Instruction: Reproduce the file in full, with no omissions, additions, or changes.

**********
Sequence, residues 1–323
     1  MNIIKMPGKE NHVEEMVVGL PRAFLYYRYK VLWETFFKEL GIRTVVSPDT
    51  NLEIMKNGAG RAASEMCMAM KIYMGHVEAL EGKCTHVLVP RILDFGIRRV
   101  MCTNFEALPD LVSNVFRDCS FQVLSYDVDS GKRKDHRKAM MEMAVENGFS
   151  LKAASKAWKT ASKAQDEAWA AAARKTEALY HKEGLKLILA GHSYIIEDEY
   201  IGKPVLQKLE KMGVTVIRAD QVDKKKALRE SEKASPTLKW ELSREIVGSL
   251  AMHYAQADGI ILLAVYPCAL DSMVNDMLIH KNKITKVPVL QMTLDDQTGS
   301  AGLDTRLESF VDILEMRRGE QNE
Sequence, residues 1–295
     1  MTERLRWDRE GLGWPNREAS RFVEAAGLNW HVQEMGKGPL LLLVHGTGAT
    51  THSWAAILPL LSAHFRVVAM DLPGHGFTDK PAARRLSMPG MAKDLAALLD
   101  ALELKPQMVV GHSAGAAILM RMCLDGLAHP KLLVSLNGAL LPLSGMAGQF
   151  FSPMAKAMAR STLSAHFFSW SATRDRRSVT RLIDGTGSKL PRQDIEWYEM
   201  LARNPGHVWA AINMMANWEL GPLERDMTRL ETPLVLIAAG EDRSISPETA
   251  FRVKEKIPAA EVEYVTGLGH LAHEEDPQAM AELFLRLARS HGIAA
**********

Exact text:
Sequence, residues 1–323
     1  MNIIKMPGKE NHVEEMVVGL PRAFLYYRYK VLWETFFKEL GIRTVVSPDT
    51  NLEIMKNGAG RAASEMCMAM KIYMGHVEAL EGKCTHVLVP RILDFGIRRV
   101  MCTNFEALPD LVSNVFRDCS FQVLSYDVDS GKRKDHRKAM MEMAVENGFS
   151  LKAASKAWKT ASKAQDEAWA AAARKTEALY HKEGLKLILA GHSYIIEDEY
   201  IGKPVLQKLE KMGVTVIRAD QVDKKKALRE SEKASPTLKW ELSREIVGSL
   251  AMHYAQADGI ILLAVYPCAL DSMVNDMLIH KNKITKVPVL QMTLDDQTGS
   301  AGLDTRLESF VDILEMRRGE QNE
Sequence, residues 1–295
     1  MTERLRWDRE GLGWPNREAS RFVEAAGLNW HVQEMGKGPL LLLVHGTGAT
    51  THSWAAILPL LSAHFRVVAM DLPGHGFTDK PAARRLSMPG MAKDLAALLD
   101  ALELKPQMVV GHSAGAAILM RMCLDGLAHP KLLVSLNGAL LPLSGMAGQF
   151  FSPMAKAMAR STLSAHFFSW SATRDRRSVT RLIDGTGSKL PRQDIEWYEM
   201  LARNPGHVWA AINMMANWEL GPLERDMTRL ETPLVLIAAG EDRSISPETA
   251  FRVKEKIPAA EVEYVTGLGH LAHEEDPQAM AELFLRLARS HGIAA